Keith Moon, 31, antic drummer for the British rock group The Who, died in his sleep early Thursday in his apartment here.
He was found by his fiancee, Annette Water-Lax, and taken to Middlesex Hospital, where he was pronounced dead. Cause of death was not immediately determined. A hospital spokesman said the coroner was investigating.
The small, manic Mr. Moon joined up with Peter Townshend, Roger Daltrey and John Entwistle in 1964 to form a rock group. As the group's popularity increased in the later '60s, it developed a violent, explosive personality that contrasted with the boy-next-door image of the Beatles and the rebellious character of the Rolling Stones. The Who's concert trademark was the finale, during which musical equipment flew everywhere and Townshend's guitars were demolished. Director Michelangelo Antonioni wrote just such a demolition scene into his movie "Blow-Up," but used another British rock group, The Yard-birds, reportedly because The Who were too difficult to control.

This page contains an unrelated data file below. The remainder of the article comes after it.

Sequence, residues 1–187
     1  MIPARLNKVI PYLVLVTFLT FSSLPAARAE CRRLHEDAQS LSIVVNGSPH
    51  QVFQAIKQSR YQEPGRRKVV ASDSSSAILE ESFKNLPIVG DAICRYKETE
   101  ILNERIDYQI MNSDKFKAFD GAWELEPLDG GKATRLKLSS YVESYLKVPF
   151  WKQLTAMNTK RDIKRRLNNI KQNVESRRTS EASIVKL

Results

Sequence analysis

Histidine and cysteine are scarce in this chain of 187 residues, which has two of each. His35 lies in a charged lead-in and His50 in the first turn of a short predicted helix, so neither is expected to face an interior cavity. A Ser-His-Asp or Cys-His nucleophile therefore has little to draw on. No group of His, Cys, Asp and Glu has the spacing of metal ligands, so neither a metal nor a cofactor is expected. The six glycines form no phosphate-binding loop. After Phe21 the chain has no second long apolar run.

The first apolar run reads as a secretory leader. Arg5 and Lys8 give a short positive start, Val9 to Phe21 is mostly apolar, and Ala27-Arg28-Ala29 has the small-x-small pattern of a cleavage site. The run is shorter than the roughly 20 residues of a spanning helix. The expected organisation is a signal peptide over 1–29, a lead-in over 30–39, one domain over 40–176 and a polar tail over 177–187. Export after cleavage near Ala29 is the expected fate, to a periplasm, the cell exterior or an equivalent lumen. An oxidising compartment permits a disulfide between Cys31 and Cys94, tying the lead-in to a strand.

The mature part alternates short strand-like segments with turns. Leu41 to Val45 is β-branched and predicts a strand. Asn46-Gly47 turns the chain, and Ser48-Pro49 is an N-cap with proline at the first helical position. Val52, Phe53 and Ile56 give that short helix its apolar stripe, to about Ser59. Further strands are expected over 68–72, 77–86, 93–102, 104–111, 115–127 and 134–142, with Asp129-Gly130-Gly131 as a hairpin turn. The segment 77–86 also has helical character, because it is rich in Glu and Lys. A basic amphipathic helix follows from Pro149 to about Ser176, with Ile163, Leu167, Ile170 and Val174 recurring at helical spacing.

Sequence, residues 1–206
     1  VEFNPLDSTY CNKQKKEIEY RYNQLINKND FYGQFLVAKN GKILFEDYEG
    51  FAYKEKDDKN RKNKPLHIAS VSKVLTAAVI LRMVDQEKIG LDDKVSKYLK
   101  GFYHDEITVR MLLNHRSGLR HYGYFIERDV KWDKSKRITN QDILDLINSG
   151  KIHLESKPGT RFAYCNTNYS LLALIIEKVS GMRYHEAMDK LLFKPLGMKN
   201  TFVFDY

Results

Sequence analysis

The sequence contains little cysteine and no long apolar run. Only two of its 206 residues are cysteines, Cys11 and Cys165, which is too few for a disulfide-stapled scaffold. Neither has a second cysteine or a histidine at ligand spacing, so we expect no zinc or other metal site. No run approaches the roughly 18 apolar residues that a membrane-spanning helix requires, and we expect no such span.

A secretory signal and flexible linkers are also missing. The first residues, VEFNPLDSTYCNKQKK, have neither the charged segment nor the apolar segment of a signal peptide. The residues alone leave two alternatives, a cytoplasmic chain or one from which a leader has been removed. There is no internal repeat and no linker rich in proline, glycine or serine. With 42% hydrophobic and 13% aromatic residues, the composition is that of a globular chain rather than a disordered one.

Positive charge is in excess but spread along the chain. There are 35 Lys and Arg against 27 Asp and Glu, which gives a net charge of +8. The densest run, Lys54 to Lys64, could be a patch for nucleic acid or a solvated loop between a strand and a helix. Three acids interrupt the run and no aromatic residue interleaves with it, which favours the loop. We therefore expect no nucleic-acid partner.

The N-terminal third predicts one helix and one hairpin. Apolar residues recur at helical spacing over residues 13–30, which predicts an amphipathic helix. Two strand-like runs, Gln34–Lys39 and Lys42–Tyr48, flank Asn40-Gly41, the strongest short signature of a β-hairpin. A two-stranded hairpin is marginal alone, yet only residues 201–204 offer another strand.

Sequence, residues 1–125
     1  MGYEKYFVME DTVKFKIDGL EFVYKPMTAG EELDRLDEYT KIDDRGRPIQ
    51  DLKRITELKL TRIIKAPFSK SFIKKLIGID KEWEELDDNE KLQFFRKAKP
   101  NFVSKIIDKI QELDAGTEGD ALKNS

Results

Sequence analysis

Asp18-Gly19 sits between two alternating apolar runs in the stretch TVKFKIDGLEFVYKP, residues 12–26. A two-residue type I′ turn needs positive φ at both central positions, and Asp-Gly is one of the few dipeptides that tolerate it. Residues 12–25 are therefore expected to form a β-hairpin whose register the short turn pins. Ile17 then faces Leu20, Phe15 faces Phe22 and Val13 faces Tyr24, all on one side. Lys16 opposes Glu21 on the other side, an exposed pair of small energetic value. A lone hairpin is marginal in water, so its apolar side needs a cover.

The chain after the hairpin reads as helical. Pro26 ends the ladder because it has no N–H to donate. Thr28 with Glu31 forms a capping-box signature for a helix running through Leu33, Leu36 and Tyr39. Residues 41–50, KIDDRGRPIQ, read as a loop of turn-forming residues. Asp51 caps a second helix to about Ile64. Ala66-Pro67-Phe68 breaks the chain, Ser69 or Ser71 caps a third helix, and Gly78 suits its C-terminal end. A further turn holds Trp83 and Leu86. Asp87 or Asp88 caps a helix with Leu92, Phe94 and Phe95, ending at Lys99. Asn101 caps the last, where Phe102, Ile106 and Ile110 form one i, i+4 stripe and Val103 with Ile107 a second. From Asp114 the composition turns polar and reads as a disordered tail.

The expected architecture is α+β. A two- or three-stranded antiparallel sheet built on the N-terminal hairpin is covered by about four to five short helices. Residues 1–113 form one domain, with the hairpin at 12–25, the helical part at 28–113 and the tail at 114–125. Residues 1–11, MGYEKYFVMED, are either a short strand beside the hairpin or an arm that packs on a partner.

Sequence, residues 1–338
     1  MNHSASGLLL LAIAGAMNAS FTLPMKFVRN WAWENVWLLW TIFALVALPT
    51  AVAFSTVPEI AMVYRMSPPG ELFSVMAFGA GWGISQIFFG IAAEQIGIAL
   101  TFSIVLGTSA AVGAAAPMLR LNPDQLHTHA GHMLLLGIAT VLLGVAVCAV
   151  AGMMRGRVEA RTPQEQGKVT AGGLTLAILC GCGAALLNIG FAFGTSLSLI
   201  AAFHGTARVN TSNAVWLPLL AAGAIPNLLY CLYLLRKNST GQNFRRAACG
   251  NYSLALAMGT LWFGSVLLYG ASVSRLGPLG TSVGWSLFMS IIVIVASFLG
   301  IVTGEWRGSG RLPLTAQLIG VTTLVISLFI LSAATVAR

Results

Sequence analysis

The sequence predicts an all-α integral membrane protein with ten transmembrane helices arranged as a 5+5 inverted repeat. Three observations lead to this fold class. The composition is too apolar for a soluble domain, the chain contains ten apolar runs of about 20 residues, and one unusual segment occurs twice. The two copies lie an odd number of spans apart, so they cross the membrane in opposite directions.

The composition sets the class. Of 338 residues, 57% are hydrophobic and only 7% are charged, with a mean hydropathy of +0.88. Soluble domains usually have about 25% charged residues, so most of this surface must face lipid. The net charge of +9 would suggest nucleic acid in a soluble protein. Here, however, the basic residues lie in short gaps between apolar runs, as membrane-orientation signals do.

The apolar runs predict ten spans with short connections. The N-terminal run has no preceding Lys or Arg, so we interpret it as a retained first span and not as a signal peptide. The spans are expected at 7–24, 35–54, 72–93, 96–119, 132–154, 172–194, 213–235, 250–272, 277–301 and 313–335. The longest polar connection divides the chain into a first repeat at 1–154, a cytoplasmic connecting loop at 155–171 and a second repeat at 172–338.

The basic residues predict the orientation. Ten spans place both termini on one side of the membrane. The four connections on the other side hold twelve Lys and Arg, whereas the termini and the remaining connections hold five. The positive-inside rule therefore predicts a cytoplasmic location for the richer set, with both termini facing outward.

Mr. Moon, considered one of rock's finest drummers as well as its most rambunctions, indulged to the hilt a lewd, leering persona. When Townshend's innovative rock opera "Tommy," about a blind, deaf-mute messiah, was turned into a movie in 1975, Mr. Moon portrayed the trench-coated deviate, Uncle Ernie.
In 1970, while trying to escape a pursuing crowd of fans outside a Hatfield, England discotheque, Mr. Moon struck and fatally injured a bystander with his limousine. No charges were filed against him.
In 1973, The Who caused $6,000 worth of damage to a Montreal hotel room, but paid the bill in cash before leaving.
Townshend, Daltrey, Entwistle and Mr. Moon stopped working together in 1975, but reunited in the studio earlier this year to record "Who Are You." Just released, the album entered the national charts this week in the No. 20 spot.
"We're all very pleased," Mr. Moon said at the time of recording. "We just learned how to be The Who again."
A spokesman for Music Corporation of America said Mr. Moon had attended a movie premiere and lavish party honoring the late rock 'n' roller Buddy Holly thrown by ex-Beatle Paul McCartney Wednesday night.